Senator Chris Dodd

(Senate - January 28, 1997)

[Page: S699]

Mr. DODD. Mr. President, it is with a great sense of sadness that I rise today to pay tribute to a man who epitomized personal and political courage and a fervent commitment to public service--Senator Paul Tsongas.

Paul and I both came to Congress in 1974, as part of the so-called Watergate class and we were together in the Senate from 1981 to 1984. In all that time, while we didn't always see eye to eye on every issue, our deep friendship and appreciation for each other never diminished.

Throughout his entire life, Paul Tsongas built on the strong belief in public service that he learned while a Peace Corps volunteer in Ethiopia and country director in the West Indies.

Whether it was in his hometown of Lowell, MA, where he served as a city councilor; or as a one-term Senator, who pushed through what President Carter called the most important conservation legislation of the century, the Alaska Lands Act of 1980; or even as a Presidential candidate and later cochairman of the Concord Coalition, preaching the gospel of a balanced budget, Paul Tsongas always had the best interests of his fellow citizens in mind.

In all the time I knew him, Paul Tsongas never wavered from the firmly held beliefs and principles that guided his public and private life. What is more, Paul was never afraid to speak his mind or voice an opinion, no matter how controversial or unpopular.

The courage was never more evident than in his hard fought battle to conquer the health problems that plagued him for more than a decade and eventually took his life. When Paul was diagnosed with cancer in 1983, he gave up what was then a promising political career in the U.S. Senate to undergo radical treatment and rehabilitation.

After his amazing recovery, Paul stayed close to his family arguing that no man ever died wishing he'd spent more time with his business.

But the pull of the arena was too strong for Paul Tsongas and after being cleared by doctors to resume his political career he began what most observers termed a futile campaign to unseat George Bush.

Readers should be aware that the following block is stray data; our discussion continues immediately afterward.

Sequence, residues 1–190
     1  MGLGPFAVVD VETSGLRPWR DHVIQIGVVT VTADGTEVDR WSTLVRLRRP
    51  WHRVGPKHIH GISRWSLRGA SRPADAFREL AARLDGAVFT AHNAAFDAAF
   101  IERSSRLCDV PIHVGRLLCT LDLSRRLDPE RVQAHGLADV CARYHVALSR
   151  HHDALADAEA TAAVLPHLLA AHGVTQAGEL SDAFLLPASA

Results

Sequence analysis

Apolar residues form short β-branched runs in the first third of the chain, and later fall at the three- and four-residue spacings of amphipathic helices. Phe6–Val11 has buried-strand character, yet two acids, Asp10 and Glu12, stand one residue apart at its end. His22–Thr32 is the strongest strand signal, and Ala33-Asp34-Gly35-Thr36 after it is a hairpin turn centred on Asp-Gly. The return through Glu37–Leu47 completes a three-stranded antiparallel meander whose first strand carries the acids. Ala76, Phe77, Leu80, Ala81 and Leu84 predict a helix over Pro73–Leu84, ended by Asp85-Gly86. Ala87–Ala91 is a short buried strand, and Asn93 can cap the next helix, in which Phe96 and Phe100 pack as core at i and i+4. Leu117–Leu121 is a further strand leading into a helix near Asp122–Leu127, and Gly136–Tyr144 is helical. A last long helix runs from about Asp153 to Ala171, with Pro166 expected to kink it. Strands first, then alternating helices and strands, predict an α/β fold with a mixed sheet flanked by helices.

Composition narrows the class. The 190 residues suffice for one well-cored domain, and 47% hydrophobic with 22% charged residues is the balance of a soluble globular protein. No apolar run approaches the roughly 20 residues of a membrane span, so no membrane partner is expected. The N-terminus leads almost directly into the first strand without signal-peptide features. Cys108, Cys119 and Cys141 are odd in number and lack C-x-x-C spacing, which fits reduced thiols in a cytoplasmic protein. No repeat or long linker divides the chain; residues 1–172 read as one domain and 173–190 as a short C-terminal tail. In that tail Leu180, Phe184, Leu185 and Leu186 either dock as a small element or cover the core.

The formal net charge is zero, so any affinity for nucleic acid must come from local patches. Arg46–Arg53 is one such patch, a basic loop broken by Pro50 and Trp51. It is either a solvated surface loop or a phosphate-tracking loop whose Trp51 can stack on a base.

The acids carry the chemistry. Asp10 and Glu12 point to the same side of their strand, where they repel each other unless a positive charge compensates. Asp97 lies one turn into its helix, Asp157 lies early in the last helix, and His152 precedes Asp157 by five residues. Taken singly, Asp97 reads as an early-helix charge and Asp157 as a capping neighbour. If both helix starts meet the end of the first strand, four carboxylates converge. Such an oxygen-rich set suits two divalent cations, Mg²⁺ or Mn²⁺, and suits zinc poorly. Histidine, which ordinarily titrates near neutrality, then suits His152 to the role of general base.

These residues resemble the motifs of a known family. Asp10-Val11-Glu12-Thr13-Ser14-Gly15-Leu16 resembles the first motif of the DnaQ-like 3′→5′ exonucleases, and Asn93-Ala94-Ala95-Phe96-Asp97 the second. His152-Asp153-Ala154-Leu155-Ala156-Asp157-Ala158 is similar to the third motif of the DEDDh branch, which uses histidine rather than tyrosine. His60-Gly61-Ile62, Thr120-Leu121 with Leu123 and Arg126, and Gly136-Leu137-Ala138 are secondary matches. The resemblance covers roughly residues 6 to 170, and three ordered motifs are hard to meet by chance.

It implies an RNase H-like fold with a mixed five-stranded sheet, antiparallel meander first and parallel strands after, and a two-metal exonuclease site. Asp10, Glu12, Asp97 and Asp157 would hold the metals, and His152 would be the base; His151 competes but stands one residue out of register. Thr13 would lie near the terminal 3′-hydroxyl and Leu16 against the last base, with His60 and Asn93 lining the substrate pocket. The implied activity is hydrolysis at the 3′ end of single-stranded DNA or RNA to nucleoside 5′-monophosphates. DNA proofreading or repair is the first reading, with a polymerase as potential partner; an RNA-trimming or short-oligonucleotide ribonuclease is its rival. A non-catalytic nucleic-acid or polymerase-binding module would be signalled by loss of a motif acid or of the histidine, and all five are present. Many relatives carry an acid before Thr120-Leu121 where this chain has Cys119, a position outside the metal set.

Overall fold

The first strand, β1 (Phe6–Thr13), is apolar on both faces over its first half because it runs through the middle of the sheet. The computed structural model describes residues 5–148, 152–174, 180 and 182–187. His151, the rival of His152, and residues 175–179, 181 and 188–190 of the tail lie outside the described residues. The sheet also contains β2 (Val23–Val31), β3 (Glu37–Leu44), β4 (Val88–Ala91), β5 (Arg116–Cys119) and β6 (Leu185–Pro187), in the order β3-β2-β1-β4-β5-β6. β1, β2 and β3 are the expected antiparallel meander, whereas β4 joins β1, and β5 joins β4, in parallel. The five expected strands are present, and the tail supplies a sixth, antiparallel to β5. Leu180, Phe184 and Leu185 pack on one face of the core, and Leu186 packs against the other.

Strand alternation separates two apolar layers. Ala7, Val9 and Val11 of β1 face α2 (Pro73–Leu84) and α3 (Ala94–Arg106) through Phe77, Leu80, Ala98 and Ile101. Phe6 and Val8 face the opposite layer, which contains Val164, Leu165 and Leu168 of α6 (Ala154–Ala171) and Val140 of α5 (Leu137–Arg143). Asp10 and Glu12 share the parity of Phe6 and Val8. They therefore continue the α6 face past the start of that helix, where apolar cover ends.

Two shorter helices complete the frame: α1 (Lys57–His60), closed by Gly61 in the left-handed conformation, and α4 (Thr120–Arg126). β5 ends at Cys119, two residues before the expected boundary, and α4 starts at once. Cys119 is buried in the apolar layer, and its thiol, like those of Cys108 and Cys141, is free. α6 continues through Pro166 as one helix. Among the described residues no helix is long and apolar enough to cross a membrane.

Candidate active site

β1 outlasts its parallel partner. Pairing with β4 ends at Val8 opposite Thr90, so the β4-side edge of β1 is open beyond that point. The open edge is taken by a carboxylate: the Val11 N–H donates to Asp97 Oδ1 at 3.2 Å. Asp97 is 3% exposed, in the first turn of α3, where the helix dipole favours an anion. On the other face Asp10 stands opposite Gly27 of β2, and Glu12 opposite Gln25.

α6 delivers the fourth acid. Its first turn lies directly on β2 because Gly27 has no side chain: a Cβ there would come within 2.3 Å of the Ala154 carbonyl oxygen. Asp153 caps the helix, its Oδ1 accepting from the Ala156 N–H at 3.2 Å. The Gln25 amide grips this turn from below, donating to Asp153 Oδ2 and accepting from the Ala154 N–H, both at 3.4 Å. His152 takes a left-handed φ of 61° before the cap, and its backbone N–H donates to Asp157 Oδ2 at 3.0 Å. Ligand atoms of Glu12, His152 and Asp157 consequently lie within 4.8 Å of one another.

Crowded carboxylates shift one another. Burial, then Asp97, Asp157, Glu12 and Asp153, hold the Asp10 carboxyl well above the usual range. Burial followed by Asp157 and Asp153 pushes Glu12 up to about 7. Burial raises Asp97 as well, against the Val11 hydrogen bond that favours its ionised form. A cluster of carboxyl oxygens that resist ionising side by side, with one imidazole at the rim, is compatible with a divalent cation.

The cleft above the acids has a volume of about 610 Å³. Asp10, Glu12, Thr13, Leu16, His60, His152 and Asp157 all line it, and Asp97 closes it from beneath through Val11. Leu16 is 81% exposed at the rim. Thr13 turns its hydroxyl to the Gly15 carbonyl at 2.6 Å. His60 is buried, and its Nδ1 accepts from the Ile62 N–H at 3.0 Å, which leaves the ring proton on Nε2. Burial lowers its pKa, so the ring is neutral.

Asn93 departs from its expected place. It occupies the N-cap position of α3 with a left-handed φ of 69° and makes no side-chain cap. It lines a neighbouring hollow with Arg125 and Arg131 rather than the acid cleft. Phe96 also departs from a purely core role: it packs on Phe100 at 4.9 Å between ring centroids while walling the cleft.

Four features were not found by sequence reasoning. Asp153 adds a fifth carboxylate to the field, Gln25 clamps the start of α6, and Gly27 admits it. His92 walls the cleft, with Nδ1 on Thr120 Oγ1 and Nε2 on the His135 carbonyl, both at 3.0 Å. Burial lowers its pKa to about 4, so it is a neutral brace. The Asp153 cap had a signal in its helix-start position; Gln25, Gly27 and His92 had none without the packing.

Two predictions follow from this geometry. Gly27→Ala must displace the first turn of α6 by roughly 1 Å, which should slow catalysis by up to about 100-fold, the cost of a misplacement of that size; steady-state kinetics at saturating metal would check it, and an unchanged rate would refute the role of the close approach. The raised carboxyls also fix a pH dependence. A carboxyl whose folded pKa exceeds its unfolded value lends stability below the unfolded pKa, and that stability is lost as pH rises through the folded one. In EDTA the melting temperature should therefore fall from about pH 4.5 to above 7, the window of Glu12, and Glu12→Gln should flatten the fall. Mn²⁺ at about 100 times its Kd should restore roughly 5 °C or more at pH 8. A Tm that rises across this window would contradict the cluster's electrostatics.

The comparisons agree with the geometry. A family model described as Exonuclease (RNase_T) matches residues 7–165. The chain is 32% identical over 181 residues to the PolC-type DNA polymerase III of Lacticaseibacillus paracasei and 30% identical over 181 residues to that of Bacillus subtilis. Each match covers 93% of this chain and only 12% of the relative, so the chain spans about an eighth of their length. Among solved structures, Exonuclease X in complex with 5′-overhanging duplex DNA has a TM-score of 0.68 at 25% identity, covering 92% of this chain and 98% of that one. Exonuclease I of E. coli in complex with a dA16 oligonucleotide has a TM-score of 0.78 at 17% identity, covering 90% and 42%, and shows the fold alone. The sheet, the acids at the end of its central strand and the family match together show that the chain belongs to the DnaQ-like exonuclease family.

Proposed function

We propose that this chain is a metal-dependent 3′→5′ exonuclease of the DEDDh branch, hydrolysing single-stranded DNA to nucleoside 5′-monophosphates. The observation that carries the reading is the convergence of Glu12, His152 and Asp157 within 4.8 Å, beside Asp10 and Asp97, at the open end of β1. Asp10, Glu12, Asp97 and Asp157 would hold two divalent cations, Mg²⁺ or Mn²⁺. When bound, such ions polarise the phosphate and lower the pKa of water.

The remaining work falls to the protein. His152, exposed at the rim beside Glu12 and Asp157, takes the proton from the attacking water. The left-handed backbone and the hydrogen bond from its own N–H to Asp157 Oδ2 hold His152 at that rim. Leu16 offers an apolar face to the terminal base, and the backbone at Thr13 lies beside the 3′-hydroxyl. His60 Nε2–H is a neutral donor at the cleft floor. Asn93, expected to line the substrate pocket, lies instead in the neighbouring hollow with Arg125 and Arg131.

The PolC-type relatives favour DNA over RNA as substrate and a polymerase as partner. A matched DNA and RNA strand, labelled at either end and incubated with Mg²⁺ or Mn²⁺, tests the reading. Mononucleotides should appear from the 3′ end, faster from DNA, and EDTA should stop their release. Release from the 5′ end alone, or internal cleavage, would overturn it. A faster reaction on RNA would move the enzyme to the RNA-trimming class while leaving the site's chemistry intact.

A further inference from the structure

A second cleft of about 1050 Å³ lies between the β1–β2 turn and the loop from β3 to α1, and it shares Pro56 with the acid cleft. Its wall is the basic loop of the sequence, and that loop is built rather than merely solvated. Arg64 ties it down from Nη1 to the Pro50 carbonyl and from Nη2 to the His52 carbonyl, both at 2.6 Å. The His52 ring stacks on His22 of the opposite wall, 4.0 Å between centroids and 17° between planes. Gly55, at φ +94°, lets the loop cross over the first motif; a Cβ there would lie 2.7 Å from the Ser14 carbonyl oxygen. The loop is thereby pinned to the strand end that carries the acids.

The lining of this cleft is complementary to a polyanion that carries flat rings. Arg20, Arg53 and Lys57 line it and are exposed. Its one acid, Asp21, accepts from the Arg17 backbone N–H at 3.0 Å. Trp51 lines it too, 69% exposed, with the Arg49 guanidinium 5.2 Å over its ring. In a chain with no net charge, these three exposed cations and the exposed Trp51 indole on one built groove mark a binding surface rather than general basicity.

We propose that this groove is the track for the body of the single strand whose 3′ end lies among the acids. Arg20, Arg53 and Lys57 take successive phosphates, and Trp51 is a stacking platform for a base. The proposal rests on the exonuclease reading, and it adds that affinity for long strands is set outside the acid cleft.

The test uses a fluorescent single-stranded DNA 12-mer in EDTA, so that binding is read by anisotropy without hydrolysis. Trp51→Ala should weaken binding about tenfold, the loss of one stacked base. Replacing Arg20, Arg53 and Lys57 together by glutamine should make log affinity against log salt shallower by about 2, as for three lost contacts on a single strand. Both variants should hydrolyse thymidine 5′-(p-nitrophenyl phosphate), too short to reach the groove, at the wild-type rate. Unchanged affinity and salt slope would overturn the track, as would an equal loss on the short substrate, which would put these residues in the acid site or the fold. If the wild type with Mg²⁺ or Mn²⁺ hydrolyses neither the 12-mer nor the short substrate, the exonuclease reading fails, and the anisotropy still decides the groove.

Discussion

But, what he lacked in fiery oratory he made up for with a commonsense agenda that appealed to Democrats across the country. While Paul failed to gain the Democratic nomination he never lost his dignity or the trademark dry wit that always characterized him.

Teddy Roosevelt once said that of public service `It is not the critic that counts. * * * The credit belongs to the man who is actually in the arena; whose face is marked by dust and sweat and blood; who strives valiantly; who errs and comes short again and again; who knows the great enthusiasm and great devotions, and spends himself in a worthy cause, who at the best, knows in the end the triumph of high achievement; and who at the worst, if he fails, at least fails while daring greatly; so that his place shall never be with those cold and timid souls who know neither victory nor defeat.'

Paul Tsongas knew well both the joys of victory and the anguish of defeat. No matter what adversity befell him, be it personal or political, he never paused from his tireless efforts to improve the world around him. For all those in the Senate and throughout the country who valued his wise counsel and commitment to public service he will be sorely missed.

My thoughts and prayers go out to his wife Niki and his three daughters Ashley, Katina, and Molly.

Mr. President, I yield the floor.